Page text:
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Malahoo Forte says Parliament must change how it revises laws

Published:Tuesday | January 18, 2022 | 10:37 PM
In her first address to the Lower House as Minister of Legal and Constitutional Affairs, Marlene Malahoo Forte on Tuesday afternoon said having to rely on Jamaica's laws is like "going through a maze". 

Newly-appointed Minister of Legal and Constitutional Affairs Marlene Malahoo Forte says parliament must revisit how it revises laws, stressing that it has been difficult to ascertain the complete and accurate state of legislation on any given subject. 

In her first address to the Lower House as minister under the newly created ministry, Malahoo Forte on Tuesday afternoon said having to rely on Jamaica's laws is like "going through a maze". 

“Currently, and this is by way of example, the long title, the memorandum of objects and transitional provisions are not included in the revised laws. Neither do the revised laws indicate which provisions have been repealed and the renumbering of sections and subsections is just out of whack,” she said, adding that the workload of the new ministry will be heavy.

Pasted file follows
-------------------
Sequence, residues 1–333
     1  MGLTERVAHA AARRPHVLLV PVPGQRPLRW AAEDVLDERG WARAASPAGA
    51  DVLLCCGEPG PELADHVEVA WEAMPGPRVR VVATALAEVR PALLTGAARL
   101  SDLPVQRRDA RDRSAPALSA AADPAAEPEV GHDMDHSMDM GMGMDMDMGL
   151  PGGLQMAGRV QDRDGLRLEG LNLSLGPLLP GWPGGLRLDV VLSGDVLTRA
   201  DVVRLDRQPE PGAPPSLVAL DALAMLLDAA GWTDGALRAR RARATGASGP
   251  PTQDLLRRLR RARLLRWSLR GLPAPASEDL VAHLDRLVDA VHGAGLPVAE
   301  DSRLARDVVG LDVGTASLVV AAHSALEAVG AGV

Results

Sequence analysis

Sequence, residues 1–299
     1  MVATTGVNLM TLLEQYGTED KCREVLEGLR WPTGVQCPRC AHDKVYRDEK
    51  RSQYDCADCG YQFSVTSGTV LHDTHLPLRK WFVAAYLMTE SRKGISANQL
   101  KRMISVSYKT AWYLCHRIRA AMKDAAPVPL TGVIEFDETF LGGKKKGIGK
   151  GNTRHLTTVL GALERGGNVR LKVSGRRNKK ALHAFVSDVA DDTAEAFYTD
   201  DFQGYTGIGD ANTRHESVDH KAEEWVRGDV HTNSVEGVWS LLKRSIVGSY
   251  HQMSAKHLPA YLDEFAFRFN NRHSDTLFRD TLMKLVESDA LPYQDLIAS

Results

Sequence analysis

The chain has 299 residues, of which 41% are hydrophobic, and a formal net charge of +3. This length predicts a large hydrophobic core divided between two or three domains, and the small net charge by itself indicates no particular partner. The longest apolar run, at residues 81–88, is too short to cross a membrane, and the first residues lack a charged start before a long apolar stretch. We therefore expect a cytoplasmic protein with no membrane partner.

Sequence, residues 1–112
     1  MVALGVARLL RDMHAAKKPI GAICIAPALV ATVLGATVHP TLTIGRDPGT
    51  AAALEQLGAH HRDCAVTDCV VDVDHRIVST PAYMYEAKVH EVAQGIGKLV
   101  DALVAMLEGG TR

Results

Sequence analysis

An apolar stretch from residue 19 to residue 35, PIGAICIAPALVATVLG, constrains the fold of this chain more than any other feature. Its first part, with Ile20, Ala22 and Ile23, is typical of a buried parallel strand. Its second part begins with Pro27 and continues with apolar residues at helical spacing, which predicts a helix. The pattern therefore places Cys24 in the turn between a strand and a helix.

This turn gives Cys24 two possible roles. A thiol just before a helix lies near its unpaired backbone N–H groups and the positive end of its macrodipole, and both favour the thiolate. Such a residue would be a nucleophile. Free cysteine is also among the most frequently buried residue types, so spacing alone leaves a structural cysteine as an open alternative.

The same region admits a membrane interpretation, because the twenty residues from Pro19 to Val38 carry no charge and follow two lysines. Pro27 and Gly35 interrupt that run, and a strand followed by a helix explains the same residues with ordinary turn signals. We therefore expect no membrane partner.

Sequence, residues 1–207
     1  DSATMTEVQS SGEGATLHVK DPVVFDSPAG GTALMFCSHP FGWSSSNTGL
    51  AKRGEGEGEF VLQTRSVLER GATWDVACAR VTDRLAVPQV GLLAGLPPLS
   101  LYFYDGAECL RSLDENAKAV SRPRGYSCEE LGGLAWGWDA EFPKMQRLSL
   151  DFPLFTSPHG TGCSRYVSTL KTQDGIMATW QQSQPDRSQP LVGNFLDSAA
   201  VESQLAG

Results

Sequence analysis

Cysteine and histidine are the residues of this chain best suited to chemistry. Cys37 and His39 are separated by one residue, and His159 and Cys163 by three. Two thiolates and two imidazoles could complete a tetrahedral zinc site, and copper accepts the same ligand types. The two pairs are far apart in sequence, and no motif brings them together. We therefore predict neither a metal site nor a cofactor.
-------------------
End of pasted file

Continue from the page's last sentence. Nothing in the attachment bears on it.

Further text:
The former attorney general said, also, that the timeline between enactment and inclusion in revised laws must be reduced to ensure that the information provided is up-to-date and accurate. 

“I was dismayed to learn that even our judges have fallen into error by relying on outdated publications,” she said. 

Malahoo Forte told Parliament that the creation of her ministry may be regarded as the most serious attempt by any prime minister to revisit holistically, the legal and constitutional infrastructure of the country. 

She said this has not been done since Jamaica attained Independence and immediately after, noting that the closest lawmakers have come to fundamental constitutional reform was when they passed the Charter of Fundamental Rights and Freedoms. 

This was more than a decade ago. 

The minister argued that this should have been followed by a comprehensive review of laws to make them compliant with the charter given its binding nature. 

“This comprehensive review remains undone, leaving the legal architecture in an unsatisfactory state,” she said. 

“The work is clearly cut out for this new ministry.” 

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